Your pet’s teeth are as important as yours!

Brushing your dog’s or cat’s teeth isn’t just about fresh breath. It’s an essential part of good oral care, and good oral care is important to your pet’s overall health. The good news for your pets is they are not as prone to cavities as human beings, however they can still develop problems like tartar and plaque buildup and gingivitis. These seemingly cosmetic problems can lead to life-threatening infections and systemic disease including heart, liver, and kidney conditions.

FREE DENTAL CHECK UP AT KENSINGTON VETERINARY CARE

Here are some guidelines to effective oral hygiene for your pet:

1. Start early with your dog as a puppy and your cat as a kitten.

2. Initially use a small amount of pet toothpaste on the end of your finger.

3. Then, once your pet is used to this you can try a finger brush; the final stage is a cat or dog specific toothbrush used at a 45 degree angle to clean below the gumline.

4. Start slowly and increase the time every day as they get used to. A step-by-step approach often will lead to acceptance.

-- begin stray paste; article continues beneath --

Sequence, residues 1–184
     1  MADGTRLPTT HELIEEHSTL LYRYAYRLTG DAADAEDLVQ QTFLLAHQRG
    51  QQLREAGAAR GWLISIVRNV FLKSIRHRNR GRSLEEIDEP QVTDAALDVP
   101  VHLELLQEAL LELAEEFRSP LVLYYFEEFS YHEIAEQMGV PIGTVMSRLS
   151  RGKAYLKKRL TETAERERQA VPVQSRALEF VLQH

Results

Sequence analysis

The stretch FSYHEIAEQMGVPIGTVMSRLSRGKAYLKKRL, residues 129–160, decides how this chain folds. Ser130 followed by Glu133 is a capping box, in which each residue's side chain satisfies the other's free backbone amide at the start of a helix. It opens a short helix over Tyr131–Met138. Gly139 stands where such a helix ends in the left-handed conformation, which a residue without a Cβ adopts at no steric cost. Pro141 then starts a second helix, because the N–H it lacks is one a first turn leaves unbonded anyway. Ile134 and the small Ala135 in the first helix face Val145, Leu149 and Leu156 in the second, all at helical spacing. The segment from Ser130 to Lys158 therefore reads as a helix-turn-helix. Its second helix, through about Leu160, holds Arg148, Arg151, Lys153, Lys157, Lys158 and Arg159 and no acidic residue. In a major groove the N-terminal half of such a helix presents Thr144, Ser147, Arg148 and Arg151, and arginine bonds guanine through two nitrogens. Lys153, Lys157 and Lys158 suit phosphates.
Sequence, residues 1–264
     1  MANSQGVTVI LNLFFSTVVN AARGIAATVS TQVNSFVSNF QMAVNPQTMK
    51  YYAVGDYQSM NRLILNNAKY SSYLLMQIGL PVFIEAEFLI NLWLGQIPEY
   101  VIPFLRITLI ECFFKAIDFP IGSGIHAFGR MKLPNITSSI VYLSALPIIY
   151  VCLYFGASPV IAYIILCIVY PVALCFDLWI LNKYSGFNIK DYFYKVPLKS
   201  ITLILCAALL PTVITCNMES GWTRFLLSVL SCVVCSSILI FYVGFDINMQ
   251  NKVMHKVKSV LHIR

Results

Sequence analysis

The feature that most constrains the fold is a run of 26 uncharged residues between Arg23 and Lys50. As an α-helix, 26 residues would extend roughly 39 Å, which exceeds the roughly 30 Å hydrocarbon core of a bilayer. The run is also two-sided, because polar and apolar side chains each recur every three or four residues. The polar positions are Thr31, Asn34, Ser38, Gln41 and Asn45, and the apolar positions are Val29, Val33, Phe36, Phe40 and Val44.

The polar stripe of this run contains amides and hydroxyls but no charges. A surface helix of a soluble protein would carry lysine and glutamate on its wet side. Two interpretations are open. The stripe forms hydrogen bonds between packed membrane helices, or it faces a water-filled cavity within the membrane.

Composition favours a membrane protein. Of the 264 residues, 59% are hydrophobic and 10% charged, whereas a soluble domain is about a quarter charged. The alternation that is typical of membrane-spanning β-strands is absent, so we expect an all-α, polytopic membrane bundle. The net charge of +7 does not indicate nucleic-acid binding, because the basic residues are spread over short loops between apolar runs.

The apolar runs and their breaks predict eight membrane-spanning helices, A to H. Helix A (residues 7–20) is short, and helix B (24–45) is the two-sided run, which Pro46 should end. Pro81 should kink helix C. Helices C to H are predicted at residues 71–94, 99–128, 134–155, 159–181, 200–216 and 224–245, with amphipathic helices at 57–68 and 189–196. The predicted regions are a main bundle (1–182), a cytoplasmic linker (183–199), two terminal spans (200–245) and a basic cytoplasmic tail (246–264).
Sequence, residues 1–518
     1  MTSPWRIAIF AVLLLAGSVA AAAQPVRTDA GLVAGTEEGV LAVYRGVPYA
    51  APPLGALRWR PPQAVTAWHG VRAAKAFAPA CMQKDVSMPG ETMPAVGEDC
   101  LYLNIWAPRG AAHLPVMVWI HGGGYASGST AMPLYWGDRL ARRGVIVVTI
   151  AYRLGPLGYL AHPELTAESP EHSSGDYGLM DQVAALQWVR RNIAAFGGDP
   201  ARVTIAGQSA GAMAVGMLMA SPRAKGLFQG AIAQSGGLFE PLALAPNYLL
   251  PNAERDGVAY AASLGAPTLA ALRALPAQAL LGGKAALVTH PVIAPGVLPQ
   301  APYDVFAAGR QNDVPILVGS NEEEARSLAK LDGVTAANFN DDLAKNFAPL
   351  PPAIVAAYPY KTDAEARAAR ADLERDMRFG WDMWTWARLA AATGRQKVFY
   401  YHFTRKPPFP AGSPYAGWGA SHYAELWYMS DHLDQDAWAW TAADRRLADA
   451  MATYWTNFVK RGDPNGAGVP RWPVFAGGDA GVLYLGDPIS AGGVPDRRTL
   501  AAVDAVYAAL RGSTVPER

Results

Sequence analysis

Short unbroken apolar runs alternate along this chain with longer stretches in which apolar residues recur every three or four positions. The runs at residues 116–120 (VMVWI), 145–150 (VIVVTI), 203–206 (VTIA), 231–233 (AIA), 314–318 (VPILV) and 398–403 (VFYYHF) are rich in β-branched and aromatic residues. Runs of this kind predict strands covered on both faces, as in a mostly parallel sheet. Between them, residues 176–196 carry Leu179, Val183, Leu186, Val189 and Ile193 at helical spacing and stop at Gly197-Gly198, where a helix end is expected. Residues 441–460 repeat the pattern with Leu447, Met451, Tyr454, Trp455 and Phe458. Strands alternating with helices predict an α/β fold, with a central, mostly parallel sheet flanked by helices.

5. Reward your pet with a treat afterwards.

6. Do NOT use regular human toothpaste for your dog. Use a good quality dog or cat toothpaste which is specially formulated to be effective at removing plaque and palatable.

7. It’s ideal to brush your dog’s teeth daily, just like you brush your own. However, if your schedule doesn’t allow that, aim to brush your dog’s teeth at least several times a week.

8. Remember that dry food is better than soft food for your pet’s good oral health, as soft food can stick on the teeth. However, some dry foods are much more effective than others – pop in so we can show you.

8. Offer bones and chew toys that are designed to strengthen gums and remove plaque.

9.Check your dog’s or cat’s mouth regularly for:

Bad breath

Misaligned,crowded or missing teeth

Discolored, broken teeth

Red, swollen, painful or bleeding gums

Yellowish-brown tartar crust along the gum line

Bumps or growths within the mouth

Change in eating or chewing habits

Depression

Excessive drooling

10.See the vet every 6 to 12 months, your vet should include a dental examination with a normal checkup, but ask for it if they don’t.
If plaque accumulates, over time it hardens into calculus which is the primary cause of gingivitis. At this stage it is likely that your pet will require a professional descale and polish under general anaesthesia.

So, don’t delay, make an appointment for a free dental check today! We also have a wide range of dental accessories including toothpaste, toothbrushes, chew toys and foods specially designed for good oral health.